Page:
Former mayor receives award for “tremendous contribution” to university

Date: Saturday 7th October 2006

KESWICK councillor Elizabeth Barraclough has been awarded an honorary fellowship from Newcastle University, where she first began work almost 50 years ago.

The 73-year-old, who has lived in Keswick since 1993, but was a frequent visitor to the town for 20 years before that, was given the accolade in recognition of her position at the forefront of the birth of electronic computers in Britain.

Miss Barraclough, who is a Liberal Democrat county, town and district councillor, first worked with computers in 1955, when she was just 22 years old.

Graduating from Manchester with a degree in maths and physics, she had the job title computer operator before most people even knew computers existed and she sent her first e-mail in 1969!

Miss Barraclough said: “The first computer I ever used was an Edsac 2, which was built in Cambridge and carried out arithmetic and logical operations. It was a huge machine compared to today’s computers.

“I remember that it was so unreliable that you didn’t dare walk into the room where it was stored in case you disturbed something so it was covered in dust and cobwebs.”

In 1957, Miss Barraclough began work as a computer operator at Newcastle University, then King’s College. She retired from work there as director of the computing service in 1993. During her 36 years at Newcastle, she saw computers grow from a niche area only used by academics into the modern-day backbone of the developed world.

When she first started her job at Newcastle, she worked on one of the first commercial computers in the country, the Ferranti Pegasus. This computer, which was used as a research tool for scientists at the university, predated the use of transistors or modern integrated circuits and used paper tape instructions written in machine code.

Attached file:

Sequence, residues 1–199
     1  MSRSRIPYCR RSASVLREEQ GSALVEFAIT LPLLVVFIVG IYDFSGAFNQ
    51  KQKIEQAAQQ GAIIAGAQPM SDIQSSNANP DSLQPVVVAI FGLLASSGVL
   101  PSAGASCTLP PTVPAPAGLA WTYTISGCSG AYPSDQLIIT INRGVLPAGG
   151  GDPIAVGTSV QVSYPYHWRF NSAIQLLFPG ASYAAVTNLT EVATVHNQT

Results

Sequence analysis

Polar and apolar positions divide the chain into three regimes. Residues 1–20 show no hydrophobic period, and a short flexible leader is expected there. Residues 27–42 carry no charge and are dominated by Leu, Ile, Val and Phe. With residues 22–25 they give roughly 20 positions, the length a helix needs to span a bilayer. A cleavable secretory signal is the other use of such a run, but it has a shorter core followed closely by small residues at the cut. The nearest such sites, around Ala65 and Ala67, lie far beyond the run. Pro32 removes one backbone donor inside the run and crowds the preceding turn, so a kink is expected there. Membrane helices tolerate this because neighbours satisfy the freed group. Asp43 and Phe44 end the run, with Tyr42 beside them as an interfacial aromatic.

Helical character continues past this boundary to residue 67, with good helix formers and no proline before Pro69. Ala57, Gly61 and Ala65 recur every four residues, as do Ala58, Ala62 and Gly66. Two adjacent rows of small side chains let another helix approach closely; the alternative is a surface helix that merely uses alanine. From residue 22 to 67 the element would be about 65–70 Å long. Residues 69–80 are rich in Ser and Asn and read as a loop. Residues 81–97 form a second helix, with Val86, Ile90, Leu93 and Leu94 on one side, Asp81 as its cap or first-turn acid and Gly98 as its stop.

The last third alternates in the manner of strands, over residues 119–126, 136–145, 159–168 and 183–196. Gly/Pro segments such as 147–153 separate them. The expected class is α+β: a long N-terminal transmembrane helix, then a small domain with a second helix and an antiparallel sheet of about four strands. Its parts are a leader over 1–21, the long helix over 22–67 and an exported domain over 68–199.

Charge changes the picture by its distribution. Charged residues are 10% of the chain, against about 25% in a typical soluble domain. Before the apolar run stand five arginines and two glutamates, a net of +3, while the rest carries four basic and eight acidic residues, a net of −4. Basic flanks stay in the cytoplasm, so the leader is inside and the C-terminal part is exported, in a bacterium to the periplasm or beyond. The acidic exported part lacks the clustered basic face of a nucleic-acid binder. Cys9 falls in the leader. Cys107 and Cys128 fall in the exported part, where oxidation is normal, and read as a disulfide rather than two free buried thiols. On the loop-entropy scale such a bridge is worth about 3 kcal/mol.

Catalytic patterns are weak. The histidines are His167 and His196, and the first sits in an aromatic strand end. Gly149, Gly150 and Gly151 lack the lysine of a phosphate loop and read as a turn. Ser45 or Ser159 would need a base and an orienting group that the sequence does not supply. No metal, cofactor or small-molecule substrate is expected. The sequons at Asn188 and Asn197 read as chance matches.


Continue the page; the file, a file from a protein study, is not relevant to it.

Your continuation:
“We were level-pegging with the US at that stage in terms of computer development,” Miss Barraclough said.

In 1963, she spent three months in the USA implementing a medical information system which is now considered to be one of the world’s first electronic databases. She was awarded a masters degree in computing in 1964 for work on school timetables.

Her first e-mail in 1969 was sent via the ARPA network, which was used by a close circle of academics in North America and Europe.

“I remember one chap I used to work with did his courting by e-mail. It’s common practice now, but was very novel back in the 1970s,” said Miss Barraclough.

She also saw the phenomena of the personal computer grow in the late 1970s.

UNRELIABLE

“When PCs first came out, they were so unreliable that we produced a publication every year for 13 years advising people what they should buy and what was likely to go wrong,” she recalled.

Now, more than 50 years after she first started working with computers, she is being recognised for her pivotal role. Newcastle University only started awarding honorary fellowships last year, and Miss Barraclough is one of only three people to be given the honour this year by the university chancellor Lord Patten.

Newcastle University registrar Dr. John Hogan said: “Collectively, these three individuals have made a tremendous contribution to shaping today’s university, through their personal endeavour, expertise and genuine support and enthusiasm for the development of the institution. It is fitting that their contribution is being recognised by the award of an honorary fellowship.”

Miss Barraclough has previously been mayor of Keswick and has pushed for greater co-operation between the town and county councils. She has also been heavily involved in the Keswick in Bloom scheme, the Keswick Area Partnership, aimed at improving the economy of the town, and has also been involved in plans for Keswick Museum and Art Gallery.

INSET: Miss Barraclough when she was working at King’s College, Newcastle, now the University of Newcastle.